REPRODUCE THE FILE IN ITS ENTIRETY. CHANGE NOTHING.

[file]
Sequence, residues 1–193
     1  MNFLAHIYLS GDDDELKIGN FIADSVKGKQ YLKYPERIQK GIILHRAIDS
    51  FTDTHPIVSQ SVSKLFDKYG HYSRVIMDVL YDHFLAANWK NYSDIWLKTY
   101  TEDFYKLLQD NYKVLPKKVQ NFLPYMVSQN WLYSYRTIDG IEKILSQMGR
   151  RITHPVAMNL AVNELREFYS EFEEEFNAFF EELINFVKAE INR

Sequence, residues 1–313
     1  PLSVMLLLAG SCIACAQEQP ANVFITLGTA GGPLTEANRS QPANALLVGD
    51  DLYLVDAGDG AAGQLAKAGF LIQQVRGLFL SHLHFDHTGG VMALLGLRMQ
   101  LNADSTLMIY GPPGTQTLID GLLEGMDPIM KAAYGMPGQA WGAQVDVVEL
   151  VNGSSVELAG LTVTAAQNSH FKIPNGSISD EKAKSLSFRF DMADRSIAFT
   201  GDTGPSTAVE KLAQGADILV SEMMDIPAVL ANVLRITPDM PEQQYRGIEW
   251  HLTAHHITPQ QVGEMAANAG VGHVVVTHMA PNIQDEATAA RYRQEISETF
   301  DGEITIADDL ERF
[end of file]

Sequence, residues 1–193
     1  MNFLAHIYLS GDDDELKIGN FIADSVKGKQ YLKYPERIQK GIILHRAIDS
    51  FTDTHPIVSQ SVSKLFDKYG HYSRVIMDVL YDHFLAANWK NYSDIWLKTY
   101  TEDFYKLLQD NYKVLPKKVQ NFLPYMVSQN WLYSYRTIDG IEKILSQMGR
   151  RITHPVAMNL AVNELREFYS EFEEEFNAFF EELINFVKAE INR

Sequence, residues 1–313
     1  PLSVMLLLAG SCIACAQEQP ANVFITLGTA GGPLTEANRS QPANALLVGD
    51  DLYLVDAGDG AAGQLAKAGF LIQQVRGLFL SHLHFDHTGG VMALLGLRMQ
   101  LNADSTLMIY GPPGTQTLID GLLEGMDPIM KAAYGMPGQA WGAQVDVVEL
   151  VNGSSVELAG LTVTAAQNSH FKIPNGSISD EKAKSLSFRF DMADRSIAFT
   201  GDTGPSTAVE KLAQGADILV SEMMDIPAVL ANVLRITPDM PEQQYRGIEW
   251  HLTAHHITPQ QVGEMAANAG VGHVVVTHMA PNIQDEATAA RYRQEISETF
   301  DGEITIADDL ERF